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Date:         Fri, 7 Jul 2006 12:09:43 +0530
Reply-To:     Madan Gopal Kundu <Madan.Kundu@RANBAXY.COM>
Sender:       "SAS(r) Discussion" <SAS-L@LISTSERV.UGA.EDU>
From:         Madan Gopal Kundu <Madan.Kundu@RANBAXY.COM>
Subject:      Re: Test of Normality
Comments: To: David L Cassell <davidlcassell@MSN.COM>
Content-Type: text/plain; charset="us-ascii"

Dear David,

Thanks for your so informative reply. I have one more question to you. Suppose I have a data which can be divided based on different treatment group. If the data within a or few treatment groups comes to be non normal whereas the total data follows normal distribution then can we apply ANOVA on that data?

Thanks and Regards, Madan

-----Original Message----- From: SAS(r) Discussion [mailto:SAS-L@LISTSERV.UGA.EDU] On Behalf Of David L Cassell Sent: Friday, July 07, 2006 11:58 AM To: SAS-L@LISTSERV.UGA.EDU Subject: Re: Test of Normality

Madan.Kundu@RANBAXY.COM wrote: >Hi, > >We know there is a number of statistical test to test the normality of a >distribution. some of these are: >1. Kolmogorov Smirnov test >2. Shapiro -Wilk's test >3. D'Agostino-Pearson Omnibus test >4. Cramer-vol Mises >5. Anderson-Darlling > >Now my questions are: >which test I should use and in what situation? >Which one is most powerful in what situation? >Which one is most conservative in what situation? > >Any comments on this topic will be appreciated. > >Thanks and Reards, >Madan Kundu >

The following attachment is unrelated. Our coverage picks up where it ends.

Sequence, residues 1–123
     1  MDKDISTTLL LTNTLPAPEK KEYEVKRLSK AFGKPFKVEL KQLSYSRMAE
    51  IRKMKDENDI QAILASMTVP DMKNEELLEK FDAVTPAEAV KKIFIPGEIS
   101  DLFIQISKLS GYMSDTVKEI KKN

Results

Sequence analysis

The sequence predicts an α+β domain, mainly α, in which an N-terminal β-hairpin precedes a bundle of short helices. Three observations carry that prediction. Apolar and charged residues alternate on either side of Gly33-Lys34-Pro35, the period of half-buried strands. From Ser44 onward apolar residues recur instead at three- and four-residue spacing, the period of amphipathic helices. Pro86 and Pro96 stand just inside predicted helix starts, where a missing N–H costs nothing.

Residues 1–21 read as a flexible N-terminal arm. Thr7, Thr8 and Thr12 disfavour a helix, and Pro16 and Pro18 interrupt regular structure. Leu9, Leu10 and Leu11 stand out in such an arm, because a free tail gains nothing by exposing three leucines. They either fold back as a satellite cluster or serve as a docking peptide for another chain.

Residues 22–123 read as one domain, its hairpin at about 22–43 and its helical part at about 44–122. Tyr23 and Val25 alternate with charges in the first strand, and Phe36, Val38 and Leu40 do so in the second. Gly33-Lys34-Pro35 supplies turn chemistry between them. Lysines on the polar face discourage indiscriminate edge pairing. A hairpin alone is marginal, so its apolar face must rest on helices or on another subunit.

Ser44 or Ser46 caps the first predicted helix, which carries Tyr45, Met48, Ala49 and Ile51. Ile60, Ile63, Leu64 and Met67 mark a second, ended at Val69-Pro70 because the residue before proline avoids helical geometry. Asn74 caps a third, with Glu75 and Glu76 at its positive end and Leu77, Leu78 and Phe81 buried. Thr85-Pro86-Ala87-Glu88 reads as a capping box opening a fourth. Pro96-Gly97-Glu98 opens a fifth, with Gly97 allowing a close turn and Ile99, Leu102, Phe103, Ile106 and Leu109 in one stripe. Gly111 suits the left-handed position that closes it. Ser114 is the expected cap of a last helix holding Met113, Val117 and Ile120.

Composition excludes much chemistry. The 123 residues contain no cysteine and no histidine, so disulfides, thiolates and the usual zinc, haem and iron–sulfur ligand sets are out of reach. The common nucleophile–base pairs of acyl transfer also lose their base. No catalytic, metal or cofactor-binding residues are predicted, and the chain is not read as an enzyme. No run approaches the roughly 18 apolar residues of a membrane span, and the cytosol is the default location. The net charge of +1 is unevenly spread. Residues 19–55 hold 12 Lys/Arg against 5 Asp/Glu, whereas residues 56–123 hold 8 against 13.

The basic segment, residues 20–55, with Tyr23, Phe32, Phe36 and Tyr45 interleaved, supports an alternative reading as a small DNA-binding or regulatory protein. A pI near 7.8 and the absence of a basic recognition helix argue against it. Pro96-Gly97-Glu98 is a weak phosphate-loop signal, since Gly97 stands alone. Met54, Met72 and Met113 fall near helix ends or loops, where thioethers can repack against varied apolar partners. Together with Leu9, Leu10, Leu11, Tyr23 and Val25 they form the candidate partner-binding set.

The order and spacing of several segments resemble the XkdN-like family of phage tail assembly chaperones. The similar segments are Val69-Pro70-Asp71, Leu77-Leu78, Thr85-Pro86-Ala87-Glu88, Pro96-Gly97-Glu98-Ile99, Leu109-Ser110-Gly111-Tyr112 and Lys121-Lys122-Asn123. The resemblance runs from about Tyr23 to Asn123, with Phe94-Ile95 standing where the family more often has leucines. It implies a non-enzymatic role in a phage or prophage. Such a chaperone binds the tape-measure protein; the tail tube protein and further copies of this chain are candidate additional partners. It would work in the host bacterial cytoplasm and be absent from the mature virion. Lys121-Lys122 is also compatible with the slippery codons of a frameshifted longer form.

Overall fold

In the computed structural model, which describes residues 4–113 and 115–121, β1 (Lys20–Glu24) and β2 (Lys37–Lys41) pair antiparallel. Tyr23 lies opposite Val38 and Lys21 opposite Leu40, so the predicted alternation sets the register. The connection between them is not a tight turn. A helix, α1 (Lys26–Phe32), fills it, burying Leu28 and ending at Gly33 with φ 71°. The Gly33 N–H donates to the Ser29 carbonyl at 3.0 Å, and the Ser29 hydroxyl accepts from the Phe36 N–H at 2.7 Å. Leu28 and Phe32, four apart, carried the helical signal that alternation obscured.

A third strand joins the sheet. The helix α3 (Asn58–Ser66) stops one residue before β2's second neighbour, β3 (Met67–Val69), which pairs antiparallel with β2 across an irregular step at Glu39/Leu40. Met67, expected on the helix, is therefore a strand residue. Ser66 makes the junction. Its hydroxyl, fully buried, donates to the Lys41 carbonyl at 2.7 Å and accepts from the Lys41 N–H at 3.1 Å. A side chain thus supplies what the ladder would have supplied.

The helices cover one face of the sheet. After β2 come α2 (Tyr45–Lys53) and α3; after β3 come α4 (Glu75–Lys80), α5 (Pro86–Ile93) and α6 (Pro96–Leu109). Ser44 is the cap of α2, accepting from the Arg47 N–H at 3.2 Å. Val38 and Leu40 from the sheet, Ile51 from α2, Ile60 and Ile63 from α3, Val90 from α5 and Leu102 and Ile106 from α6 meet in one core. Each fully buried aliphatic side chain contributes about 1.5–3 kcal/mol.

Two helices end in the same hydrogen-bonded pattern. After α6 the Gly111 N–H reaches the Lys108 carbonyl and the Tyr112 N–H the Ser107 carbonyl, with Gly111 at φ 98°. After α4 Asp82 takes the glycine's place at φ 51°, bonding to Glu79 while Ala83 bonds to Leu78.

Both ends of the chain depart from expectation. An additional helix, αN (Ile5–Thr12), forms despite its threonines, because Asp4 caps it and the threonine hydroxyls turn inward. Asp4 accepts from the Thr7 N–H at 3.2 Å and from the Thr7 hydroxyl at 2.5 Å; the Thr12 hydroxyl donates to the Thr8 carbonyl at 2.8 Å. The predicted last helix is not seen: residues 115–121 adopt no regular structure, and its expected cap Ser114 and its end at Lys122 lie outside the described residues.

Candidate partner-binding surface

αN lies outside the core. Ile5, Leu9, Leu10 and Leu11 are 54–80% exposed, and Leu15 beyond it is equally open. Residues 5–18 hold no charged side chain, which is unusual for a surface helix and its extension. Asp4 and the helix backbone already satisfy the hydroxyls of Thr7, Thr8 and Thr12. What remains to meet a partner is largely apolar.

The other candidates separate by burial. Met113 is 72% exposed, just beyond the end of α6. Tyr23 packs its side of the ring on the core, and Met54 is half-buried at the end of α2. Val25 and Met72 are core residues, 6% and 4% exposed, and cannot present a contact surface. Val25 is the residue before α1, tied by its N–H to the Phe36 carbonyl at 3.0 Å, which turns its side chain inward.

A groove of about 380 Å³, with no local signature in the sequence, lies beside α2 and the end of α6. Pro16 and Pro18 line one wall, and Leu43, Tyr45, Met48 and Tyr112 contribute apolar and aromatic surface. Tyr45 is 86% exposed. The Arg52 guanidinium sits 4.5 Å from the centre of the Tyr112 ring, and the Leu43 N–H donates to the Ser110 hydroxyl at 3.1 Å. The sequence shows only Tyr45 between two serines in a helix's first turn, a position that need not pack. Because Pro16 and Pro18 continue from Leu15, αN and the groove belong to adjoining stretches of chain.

Okay, first of all, you left out a bunch. And SAS does not do all known normality tests. There's also Filliben, Durbin, studentized range, Lilliefors, binned chi-square, skewness test, kurtosis test, and half a dozen that I'm not thinking of at the moment.

Then there's the question of what you want to *test*. Just saying a 'test of normality' is not all that helpful. Some tests have directional alternative hypotheses (like 'if non-normal the distribution is skewed to the right') and others do not. It turns out that matters.

The details of comparions of these critters are really extensive. Here are some papers you can look up for details:

Shapiro, Wilk, and Chen. 1968. A comparative study of various tests for normality. Journal of the American Statistical Association. 63 (December): pp. 1343-1372.

Pearson, D'Agostino, and Bowman. 1977. Tests for departure from normality: Comparison of powers. Biometrika 64 (August): pp. 231-246.

Here are more you can look up:

Gastwirth and Owens. 1977. Biometrika.

D'Agostino and Rosman. 1974. Biometrika.

Fama and Roll. 1971. JASA.

D'Agostino. 1973. Communications in Statistics.

Chen. 1971. JASA.

Dumonceaux, Antle, and Haas. 1973. Technometrics.

Uthoff. 1973. Annals of Statistics.

There are a million different combinations people have looked at. One-sided alternative or not. Symmetric alternative or not. Long- tailed or not. Contaminated distribution or not (and what *kind* of contamination: scale? location?). You could write a master's thesis just on a review of all these different options, and all the papers written since these seminal ones.

My bottom line: use Shapiro-Wilk.

My 2nd line: the goodness-of-fit tests always lose to something else.

Now.. why are you obsessing about tests of normality?

HTH, David -- David L. Cassell mathematical statistician Design Pathways 3115 NW Norwood Pl. Corvallis OR 97330

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